Submitting to Science Fiction for Survival

Contributors who respond to this particular heading are invited to select a favourite science fictional text – a short story, novel, graphic novel, poem, film or TV episode. In making your selection, perhaps start by drawing on a particularly memorable fictional moment—for example, my own favourite scenes from sf include the passage in which Frankenstein’s creature revises his view of humanity after being struck ‘violently with a stick’; when Roy Batty in Blade Runner tells of the moments that will be ‘lost in time’; and when the Christmas lights go crazy in Joyce Byer’s living room in Stranger Things.  When you have settled on a particular work, we suggest that you then ‘clear the decks’, which is to say, turn the sound off on your phone, close your email, and shut out the world while you level your concentration on the following question:

What important idea does the text address that you would like those who are moving off-world to consider?

In 500-1000 words, work to explain how it is that a favourite sf writer, graphic novelist, or director helps you to see something that you already knew, perhaps, but that you did not perceive in quite this way. Alternatively, work to explain how the creator of this piece has helped you to see or understand something entirely new. We invite you to distil, for the people who come after you, the wisdom contained in your selected text. To bring your chosen text alive, analyse how it is that the writer helps you to arrive wherever you do.  Pay attention to one or more of the following: style, voice, setting, tone, character, structure, and plot.  How does the writer use language to evoke something strange, uncanny, or unforgettable; how does the director use visual images to tell you something truthful about the way some human beings interact—with those they love, with strangers, with other mammals, with the trees towering above them or the water rushing beneath the Earth’s mantle? When the story ends, what do you think you know?

At the end of your mini-essay, on a new and final line, please spell out what it is that will be useful for those who are preparing to move off-world in a clear, straightforward sentence.

It is advisable to draw on other sf texts and critical essays about your chosen text to help underline points within your mini-essay. Use your imagination, as well as your common-sense, to select good sources—how can the insights offered up by science, or philosophy, or literary theory, or history, or religious thinking add weight to your argument?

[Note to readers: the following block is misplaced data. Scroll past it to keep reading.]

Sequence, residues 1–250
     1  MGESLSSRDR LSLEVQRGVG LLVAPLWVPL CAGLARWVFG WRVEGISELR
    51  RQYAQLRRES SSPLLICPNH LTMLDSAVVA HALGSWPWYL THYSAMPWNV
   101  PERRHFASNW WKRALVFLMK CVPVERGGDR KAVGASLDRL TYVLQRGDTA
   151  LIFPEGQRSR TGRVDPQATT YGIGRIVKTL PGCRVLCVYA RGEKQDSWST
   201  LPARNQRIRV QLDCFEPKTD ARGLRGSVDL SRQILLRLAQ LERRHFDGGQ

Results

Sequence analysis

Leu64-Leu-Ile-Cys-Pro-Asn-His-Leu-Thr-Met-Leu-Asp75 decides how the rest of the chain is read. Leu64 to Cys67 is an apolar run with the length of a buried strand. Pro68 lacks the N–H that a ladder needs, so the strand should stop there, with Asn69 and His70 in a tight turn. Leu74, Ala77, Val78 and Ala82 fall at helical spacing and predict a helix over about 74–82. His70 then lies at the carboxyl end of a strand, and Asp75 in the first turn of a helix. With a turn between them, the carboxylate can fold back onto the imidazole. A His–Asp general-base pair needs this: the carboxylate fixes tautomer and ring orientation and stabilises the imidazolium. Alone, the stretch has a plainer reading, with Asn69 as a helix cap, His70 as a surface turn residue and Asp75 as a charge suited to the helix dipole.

You may ask—‘wouldn’t it be better if the people of the future were simply to read, or view, the recommended text and to come to their own understanding of what science fiction offers as they build a new society?’ One answer to this is as follows: well yes of course—that would be the ideal scenario. HOWEVER, the people of the future are likely to be very busy—too busy—especially just before they settle off-world—to read, view, and discuss a range of science fictional texts and to compile a list of sage advisories.  Our sense is that the future needs YOU—the critical intermediary—to sum up the wise points highlighted by science fiction, in order to help save our species, as well as to protect all other species within our radius of influence!

Once you have completed your mini-essay, please send it to the Terra Two editorial team through the Online Submission Form on the About page.  The Terra Two editorial team will accept well-written essays in English which follow the recommendations laid out above.  We invite creative work from staff members and students at YSJ and from selected guest contributors outside our institution. Please include a 50 word biography and a photograph.   Let’s join our many voices together in order to create a mutually sustaining reality, next time around. Please follow an established referencing system for citations and bibliographic details.

The text selection is entirely up to you, but here are a few possibilities:

Arthur C. Clarke—‘Nightfall’ (1947), ‘If I Forget Thee, Oh Earth’(1951)
Ray Bradbury—‘Frost and Fire’ (1946), ‘The Veldt’ (1950), ‘There will Come Soft Rains’ (1950),
Ursula Le Guin—The Left Hand of Darkness (1969), The Dispossessed (1974), ‘Newton’s Sleep(1994)
Margaret Atwood—The Handmaid’s Tale (1985), Oryx and Crake (2003), The Year of the Flood (2009)
Octavia Butler—Xenogenesis (1987-) The Parable series (1993, 1998)
Cormac McCarthy—The Road (2006)
China Miéville—The City and the City (2009), Kraken (2010)
Jeff Vandermeer—The Southern Reach Trilogy (2014)
Abrams, Kurtzman and Orci—Fringe (2008-2013)
Charlie Brooker—Black Mirror (2011-)
The Duffer brothers—Stranger Things (2016-)
Planet of the Apes (1968)
Star Wars (1977)
Close Encounters of the Third Kind (1977)
Blade Runner (1982)
Twelve Monkeys (1995)
The Fifth Element (1997)
Gattaca (1997)
The Matrix (1999)
Children of Men (2006)
Ex Machina (2015)
Arrival (2016)


We look forward to reading your work with great anticipation.

yin yang